Enterprise accounting software will typically provide richer, advanced reporting and analysis. This allows for insights into data, via user-driven tabular reports and dashboard visualization.
Both bookkeeping and enterprise accounting software will integrate with Excel. Enterprise accounting software should be more accessible for third-party reporting and analysis tools to access the accounting data.
Scalability is measured by business complexity and volume of activity.
As businesses grow in size (or simply build up an operating history) the number of transactions able to be processed, consolidated, reported, and analyzed may outgrow bookkeeping software limitations. Transactions include invoices, bills, cash movements, and journals. As complexity increases, scalability becomes even more critical. A business must have sufficient scale in its accounting software to easily and flexibly manage new growth, increasing complexity, and the rising volume of transactions.
Enterprise accounting software's purpose is to scale. Users will configure to update and accommodate change, increasing complexity and transaction volumes.
Both bookkeeping and enterprise accounting software should offer integration with third-party applications. This can be done directly or via an integration specialist vendor. As businesses grow, they may need to upgrade other critical software (such as their CRM, HR, or MRP), and potentially bookkeeping software integrations may be more limited to other small business systems, rather than supporting integration with other new enterprise-level systems used.
Where enterprise accounting software also differs from bookkeeping software is by offering higher levels of customization. This can be in the form of configuring the accounting software’s interfaces, process workflows, and settings. For example, a chart of accounts, dimensions, etc.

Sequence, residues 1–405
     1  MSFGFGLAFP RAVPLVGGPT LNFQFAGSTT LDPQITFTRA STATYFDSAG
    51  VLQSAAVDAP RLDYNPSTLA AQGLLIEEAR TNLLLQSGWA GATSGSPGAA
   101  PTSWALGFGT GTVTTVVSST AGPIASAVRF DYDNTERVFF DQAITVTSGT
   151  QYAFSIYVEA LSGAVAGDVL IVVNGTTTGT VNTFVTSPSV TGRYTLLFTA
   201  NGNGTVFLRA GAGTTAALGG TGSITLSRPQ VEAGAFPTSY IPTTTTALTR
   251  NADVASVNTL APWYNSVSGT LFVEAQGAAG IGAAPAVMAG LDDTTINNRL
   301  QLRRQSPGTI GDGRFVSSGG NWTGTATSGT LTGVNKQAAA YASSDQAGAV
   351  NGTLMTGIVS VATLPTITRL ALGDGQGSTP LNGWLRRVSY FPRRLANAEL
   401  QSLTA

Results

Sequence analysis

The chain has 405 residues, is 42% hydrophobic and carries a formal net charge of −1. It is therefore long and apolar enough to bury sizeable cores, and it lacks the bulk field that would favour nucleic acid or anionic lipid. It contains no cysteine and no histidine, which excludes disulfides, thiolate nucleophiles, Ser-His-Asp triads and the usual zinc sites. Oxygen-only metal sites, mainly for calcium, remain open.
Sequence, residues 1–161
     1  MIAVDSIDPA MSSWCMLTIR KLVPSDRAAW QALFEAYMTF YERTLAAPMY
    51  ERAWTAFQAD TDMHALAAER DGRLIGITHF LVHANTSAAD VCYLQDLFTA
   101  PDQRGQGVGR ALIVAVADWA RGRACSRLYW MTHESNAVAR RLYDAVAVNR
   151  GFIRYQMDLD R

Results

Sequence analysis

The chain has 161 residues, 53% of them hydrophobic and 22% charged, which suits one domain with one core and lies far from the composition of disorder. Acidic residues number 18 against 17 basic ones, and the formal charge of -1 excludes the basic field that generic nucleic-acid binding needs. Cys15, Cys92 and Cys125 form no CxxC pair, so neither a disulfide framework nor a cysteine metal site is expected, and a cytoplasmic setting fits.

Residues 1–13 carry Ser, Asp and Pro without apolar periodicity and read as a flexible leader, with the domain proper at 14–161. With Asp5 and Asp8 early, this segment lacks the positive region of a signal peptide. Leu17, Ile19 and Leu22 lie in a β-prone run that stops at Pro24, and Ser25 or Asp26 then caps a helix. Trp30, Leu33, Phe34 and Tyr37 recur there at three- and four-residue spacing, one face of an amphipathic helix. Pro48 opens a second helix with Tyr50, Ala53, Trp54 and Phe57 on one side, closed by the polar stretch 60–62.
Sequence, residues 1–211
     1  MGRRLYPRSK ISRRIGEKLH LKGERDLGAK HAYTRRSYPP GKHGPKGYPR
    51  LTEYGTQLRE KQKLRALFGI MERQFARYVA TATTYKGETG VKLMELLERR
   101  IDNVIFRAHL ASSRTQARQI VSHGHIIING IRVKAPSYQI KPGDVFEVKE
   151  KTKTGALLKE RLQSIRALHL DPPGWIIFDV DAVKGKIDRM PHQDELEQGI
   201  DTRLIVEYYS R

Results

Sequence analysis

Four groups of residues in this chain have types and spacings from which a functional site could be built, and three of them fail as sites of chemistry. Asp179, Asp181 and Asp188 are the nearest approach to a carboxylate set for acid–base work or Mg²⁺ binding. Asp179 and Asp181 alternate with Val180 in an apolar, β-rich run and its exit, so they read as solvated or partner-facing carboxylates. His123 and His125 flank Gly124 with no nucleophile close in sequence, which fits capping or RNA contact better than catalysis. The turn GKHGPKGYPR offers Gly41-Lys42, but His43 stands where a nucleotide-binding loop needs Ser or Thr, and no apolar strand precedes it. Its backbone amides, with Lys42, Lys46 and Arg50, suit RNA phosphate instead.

Ideally, the enterprise accounting software will be completely open, providing an application programming interface (API) for complete control over the platform (especially valuable for customers with complex technical environments, unique business workflows, or needing integrations with their systems outside of those provided as standard) including providing data openness for other third-party reporting and analysis tools to directly leverage the accounting data.
The cost of accounting software can range dramatically. Capterra has an excellent starting pricing guide (as well as directly linking to the various vendor’s profiles and reviews). Final costs will depend on your requirements. It is typically driven by a combination of factors such as features needed, premium modules (if required), advanced capabilities, the volume of transactions, and the number of users. You should always plan for training, implementation, and ongoing support costs as well.
Reflecting the features and capabilities provided, bookkeeping software will be more affordable, and should be simple to implement (potentially including near-to self-service, where training and onboarding support is provided rather than extensive professional services),
Enterprise accounting software will be more expensive. However, the cost of software and services ranges widely. There are specialist vendors focused on specific business verticals or those focused on providing the most needed enterprise accounting features for customers forced to step up from bookkeeping software at a reasonable cost. Finally, there are the high-cost enterprise software vendors. These vendors support the largest customers, with the applicable enterprise software, services, and ongoing support price tag.
Bookkeeping software is the right choice for small and simple medium-sized businesses to manage their business transactions and have basic accounting needs.
Ultimately bookkeeping software can’t be enterprise accounting software.
Enterprise accounting software is for businesses preparing for or who already have a more complex financial and operational profile. They also may be scaling to higher volumes of transactions, with the need to process, report and analyze this larger and more complicated accounting data.
A CPA with more than 10 years of varied public and private accounting experience, Ben has led many complex financial projects to successful outcomes.
Ben holds a B.S. in Accounting from the University of Maryland.